When I started this job a year and a half ago, my coverage was simply over social networks and community platform vendors. On occasion I would speak to brand monitoring companies, and of course pure play social media sites (blogging software, microblogging, etc)
But now, I spend talking to companies from a variety of spaces as social technologies creep into their space. It’s increasingly difficult to monitor as it spreads, but expected as the era of social colonization takes hold. Social technologies become pervasive and spread throughout the entire company.
Vendors that are currently ramping into the social space:
- CMS vendors are gearing up and offering social features, much to the chagrin of the community platform players.
- Customer support departments are quickly moving outside their defined support domain to where customers are supporting each other.
- CRM vendors are connecting to social networks, serving up social content in their dashboard. We’re discussing how far this will reach.
- Web Analytics firms are starting to scan social sites and partner with others, they know influence has spread beyond server analytics alone.
- Customer reference programs recognize that unfiltered customer opinions are happening beyond their control.
- Agencies of all sorts.
Vendors that will become increasingly important in the social space:
- Affiliate marketing will become an increasingly important as more brands start to act on word of mouth programs.
- Email marketers are starting to recognize that the social network inbox is where eyeballs have shifted to. Given Google’s evolved email platform looks more like a social network or operating system than an email ‘inbox’.
- Advertisers want to think beyond banner and IAB ads to more engaging or social ads.
- Large consulting firms are preparing to offer million dollar packages to enterprises for change management and social integration systems.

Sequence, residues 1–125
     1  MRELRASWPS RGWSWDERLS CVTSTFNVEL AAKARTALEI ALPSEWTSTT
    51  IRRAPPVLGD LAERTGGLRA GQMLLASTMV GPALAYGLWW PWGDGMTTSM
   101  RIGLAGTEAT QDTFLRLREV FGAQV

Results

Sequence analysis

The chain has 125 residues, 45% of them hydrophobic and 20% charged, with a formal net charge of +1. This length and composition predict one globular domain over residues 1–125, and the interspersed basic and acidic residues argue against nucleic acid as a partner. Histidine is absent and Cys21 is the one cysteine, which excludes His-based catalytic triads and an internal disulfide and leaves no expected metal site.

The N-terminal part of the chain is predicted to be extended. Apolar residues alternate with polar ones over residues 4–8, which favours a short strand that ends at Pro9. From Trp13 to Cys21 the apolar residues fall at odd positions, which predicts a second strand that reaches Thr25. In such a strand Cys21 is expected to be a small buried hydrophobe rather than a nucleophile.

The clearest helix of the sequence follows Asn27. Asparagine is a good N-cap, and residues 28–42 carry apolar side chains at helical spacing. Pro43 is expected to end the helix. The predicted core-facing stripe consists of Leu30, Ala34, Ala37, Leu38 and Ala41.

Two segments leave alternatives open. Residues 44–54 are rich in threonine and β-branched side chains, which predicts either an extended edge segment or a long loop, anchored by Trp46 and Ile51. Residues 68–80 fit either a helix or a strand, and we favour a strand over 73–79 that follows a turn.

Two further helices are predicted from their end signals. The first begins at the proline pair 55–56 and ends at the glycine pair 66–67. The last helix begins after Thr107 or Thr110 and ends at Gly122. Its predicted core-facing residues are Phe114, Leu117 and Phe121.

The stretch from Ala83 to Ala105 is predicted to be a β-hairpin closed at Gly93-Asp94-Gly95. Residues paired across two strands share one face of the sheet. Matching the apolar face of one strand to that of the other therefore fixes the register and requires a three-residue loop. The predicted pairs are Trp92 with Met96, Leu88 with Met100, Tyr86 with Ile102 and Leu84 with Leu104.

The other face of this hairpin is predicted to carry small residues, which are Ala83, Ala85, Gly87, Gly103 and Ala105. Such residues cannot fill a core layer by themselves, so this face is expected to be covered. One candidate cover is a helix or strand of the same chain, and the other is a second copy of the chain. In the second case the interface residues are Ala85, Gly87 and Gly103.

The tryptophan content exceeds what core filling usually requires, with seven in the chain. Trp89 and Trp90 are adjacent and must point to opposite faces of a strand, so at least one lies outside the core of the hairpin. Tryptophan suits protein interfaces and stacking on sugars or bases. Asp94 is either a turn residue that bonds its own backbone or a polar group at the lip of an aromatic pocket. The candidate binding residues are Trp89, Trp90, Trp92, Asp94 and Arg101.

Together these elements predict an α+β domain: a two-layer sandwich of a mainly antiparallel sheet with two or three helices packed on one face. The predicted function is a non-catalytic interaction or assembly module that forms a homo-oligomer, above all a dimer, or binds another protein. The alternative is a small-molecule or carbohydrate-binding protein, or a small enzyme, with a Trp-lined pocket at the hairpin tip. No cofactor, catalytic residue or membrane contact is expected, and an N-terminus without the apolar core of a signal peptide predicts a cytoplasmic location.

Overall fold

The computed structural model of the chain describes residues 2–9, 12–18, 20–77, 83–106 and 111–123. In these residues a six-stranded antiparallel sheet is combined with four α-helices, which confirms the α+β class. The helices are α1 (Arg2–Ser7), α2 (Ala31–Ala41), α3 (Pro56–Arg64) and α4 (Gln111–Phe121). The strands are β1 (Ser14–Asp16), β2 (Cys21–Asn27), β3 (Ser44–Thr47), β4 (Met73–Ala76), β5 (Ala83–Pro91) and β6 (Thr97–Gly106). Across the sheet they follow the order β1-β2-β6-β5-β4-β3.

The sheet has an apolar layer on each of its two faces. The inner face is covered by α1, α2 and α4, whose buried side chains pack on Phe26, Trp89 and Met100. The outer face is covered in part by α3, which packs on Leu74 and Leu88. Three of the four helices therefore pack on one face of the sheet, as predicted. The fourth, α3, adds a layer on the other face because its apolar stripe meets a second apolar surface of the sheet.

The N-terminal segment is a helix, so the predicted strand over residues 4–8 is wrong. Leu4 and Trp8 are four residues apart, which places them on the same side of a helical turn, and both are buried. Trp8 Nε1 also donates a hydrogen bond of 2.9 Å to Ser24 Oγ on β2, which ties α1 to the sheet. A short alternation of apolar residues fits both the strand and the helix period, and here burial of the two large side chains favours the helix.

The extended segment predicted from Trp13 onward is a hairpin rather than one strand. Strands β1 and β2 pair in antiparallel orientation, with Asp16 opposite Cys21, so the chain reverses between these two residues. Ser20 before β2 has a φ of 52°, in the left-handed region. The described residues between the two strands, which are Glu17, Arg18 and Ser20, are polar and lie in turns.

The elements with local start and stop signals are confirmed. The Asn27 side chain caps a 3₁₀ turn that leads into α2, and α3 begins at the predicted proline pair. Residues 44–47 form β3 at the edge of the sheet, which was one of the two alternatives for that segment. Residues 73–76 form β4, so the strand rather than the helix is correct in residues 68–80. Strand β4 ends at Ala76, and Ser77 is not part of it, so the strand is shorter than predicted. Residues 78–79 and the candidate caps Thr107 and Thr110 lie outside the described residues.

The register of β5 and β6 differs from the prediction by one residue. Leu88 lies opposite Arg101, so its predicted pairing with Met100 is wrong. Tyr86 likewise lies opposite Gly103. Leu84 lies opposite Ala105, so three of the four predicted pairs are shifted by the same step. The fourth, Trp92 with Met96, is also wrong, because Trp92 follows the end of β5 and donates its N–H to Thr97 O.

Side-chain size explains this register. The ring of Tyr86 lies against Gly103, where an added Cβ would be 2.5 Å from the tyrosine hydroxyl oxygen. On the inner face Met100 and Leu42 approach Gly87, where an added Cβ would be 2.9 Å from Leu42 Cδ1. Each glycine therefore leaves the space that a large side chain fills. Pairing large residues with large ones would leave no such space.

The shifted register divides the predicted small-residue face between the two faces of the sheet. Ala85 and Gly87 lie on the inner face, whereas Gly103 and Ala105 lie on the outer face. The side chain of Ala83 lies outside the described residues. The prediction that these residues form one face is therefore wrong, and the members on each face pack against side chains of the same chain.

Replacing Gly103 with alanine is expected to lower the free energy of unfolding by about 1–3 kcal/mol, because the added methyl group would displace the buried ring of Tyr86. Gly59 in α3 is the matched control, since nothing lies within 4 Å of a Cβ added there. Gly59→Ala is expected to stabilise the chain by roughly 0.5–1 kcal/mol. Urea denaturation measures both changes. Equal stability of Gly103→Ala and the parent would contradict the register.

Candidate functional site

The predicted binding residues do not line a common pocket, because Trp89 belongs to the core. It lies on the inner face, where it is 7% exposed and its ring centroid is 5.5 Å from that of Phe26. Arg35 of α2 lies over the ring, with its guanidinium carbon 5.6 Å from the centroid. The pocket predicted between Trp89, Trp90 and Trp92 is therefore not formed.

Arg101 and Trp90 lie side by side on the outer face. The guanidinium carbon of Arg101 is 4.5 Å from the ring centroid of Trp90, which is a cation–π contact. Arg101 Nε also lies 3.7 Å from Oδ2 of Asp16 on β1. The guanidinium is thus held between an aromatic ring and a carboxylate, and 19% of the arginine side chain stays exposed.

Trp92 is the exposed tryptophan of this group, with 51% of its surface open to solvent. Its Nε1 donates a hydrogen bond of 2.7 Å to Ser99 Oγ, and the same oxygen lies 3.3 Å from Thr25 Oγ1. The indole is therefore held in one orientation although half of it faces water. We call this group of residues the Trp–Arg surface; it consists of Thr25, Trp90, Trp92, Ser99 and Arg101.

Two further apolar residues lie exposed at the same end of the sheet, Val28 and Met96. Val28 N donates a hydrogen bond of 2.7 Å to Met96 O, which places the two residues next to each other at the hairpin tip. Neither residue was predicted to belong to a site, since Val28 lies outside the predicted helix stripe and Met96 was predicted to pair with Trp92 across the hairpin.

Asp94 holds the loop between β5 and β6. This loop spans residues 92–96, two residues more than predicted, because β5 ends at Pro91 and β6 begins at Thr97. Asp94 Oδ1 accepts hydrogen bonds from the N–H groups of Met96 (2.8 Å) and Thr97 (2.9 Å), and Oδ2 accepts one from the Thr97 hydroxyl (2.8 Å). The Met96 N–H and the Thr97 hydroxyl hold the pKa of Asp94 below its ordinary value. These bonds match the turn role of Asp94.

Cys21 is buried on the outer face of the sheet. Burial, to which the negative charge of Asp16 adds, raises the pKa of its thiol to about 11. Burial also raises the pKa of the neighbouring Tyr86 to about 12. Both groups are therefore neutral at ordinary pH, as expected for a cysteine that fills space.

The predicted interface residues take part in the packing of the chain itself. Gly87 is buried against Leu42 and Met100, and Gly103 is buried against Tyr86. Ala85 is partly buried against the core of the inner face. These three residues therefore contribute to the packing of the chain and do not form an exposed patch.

Companies as a whole –beyond marketing– must prepare as social cascades the enterprise
Social technologies are creeping into nearly every aspect of business, making this incredibly difficult for brands to manage as so many systems –and therefore stakeholders– are looped in willing or not. Having spoken to some brands that are tackling this change, here’s some practical advice that I learned the top firms are doing:
- 1) Recognize the trend that social technologies are crossing over to all aspects of the business: If you’re responsible for social media leadership in your company, recognize that this technology is pervasive beyond corp comm and marketing as we saw in the last few years.
- 2) Yet, as things start to get complicated, simplify: Rather than focus on the all of the distinct arenas that social crosses, focus on the trend that customers and their opinions will be part of nearly every aspect of your business –even if you don’t choose for them to be present.
- 3) Start the culture change now with internal education: The internal culture change is the biggest hurdle for companies. I spoke to a traditional media company yesterday that is quickly migrating away from print to online, and is conducting internal ’show and tell brown bag sessions’ across the enterprises where people can come from any department.
- 4) Rather than build a strategy focused on technologies, build around customers and employees: Above all, don’t focus on the technologies themselves, start to train yourself to start and end a discussion with customers (and/or employees) rather than “Twitter”.
- 5) Organize your company for social: There’s an innovation curve here that your company must jump, but to be successful, you’ll need to change not technology (only 20%) but culture, strategy, process, roles, and how you measure (the other 80%). I’ll be publishing a report in the near future (with data from a recent survey to brands) that discusses how companies are organizing for social technologies, and what some best practices are in the near future.
There’s a lot of social media strategists that are reading this blog, and vendors who support them, I’d love to hear from you the changes in the last 12 months we’ve seen, as well as some practical advice to brands to be prepared.